There’s lots of buzz about feedback. It is discussed on social media, raised in the context of teacher evaluation, cited as an element of PLCs, and deemed integral to the interactions between teachers and students. Joellen Killion addresses it in an excellent new book, The Feedback Process: Transforming Feedback for Professional Learning (Learning Forward, 2015). The pervasiveness of the topic of feedback made me curious: What’s the big deal? Read more
Terry Morganti-Fisher has 30 years of collaborative, results-driven, continuous organizational and professional development experience that includes senior-level management in a large urban public school district.
View full profile
The quickest way to get me to disengage from most anything is to make me feel that I don’t have a say in what’s going to have an impact on me. That is especially true if I’ve been asked to invest my time and effort where a long-term commitment is required. On the other hand, whether leading educational change or being affected by it, I fully commit when I experience being listened to and am part of a collaborative effort for the greater good.
“This is a social justice issue,” Superintendent Demond Means tells a room full of educators and community members. “All means all! We made a commitment as educators when we walked into our classrooms for the first time that we will reach every kid in our classroom. We didn’t make a commitment to reach 75% of the students.” (Promoting Excellence for All: A report from the State Superintendent’s Task Force on Wisconsin’s Achievement Gap, page 8)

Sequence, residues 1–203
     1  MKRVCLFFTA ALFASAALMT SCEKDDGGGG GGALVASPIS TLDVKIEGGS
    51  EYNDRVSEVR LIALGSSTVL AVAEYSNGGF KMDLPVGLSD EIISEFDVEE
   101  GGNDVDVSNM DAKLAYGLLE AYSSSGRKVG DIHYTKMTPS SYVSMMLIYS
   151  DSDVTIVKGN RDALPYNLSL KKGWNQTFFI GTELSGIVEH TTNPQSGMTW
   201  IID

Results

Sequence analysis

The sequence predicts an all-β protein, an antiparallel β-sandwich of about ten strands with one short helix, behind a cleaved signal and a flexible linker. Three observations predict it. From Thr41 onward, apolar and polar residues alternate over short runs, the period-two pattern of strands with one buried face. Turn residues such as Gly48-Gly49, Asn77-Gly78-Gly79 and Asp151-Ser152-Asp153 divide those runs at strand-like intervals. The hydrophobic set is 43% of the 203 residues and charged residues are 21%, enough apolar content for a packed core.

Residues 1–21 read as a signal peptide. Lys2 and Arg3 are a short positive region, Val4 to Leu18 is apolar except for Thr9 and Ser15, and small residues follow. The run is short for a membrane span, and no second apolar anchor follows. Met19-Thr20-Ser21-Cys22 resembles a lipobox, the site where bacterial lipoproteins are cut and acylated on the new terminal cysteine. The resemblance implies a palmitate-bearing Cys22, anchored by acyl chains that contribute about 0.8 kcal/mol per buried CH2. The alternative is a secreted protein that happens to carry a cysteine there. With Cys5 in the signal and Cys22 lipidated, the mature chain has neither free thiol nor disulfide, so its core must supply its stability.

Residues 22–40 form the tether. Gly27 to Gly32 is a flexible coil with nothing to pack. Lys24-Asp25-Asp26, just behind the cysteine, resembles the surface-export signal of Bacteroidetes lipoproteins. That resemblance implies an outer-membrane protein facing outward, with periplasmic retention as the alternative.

You might not expect to hear these remarks from the superintendent of the district named the #1 K-12 district in the state of Wisconsin the past three years, whose high school achieved an ACT composite score of 26 and whose middle school, it was learned just the day before, is being recognized as a National Blue Ribbon School.
As a child, I loved to sit on our front porch to watch approaching thunderstorms play out over our small town in central Wisconsin. I always knew just when to take my place on the porch, positioning myself in front of my grandmother’s window. It wasn’t because I had seen or heard a weather forecast, but because there was something about the uncertainty of the air that signaled the arriving storm. First there was stillness, then rumbling, followed by the full fury of the storm – lightning, thunder, swirling winds and rain.
We continue to be amazed at the number of teachers who view professional development as something that is done to them– planned and led by others and often disconnected from a teacher’s actual practice or the school’s culture. One would think that by now we’d realize how silly this notion is and that we gain little in the way of results from such an approach.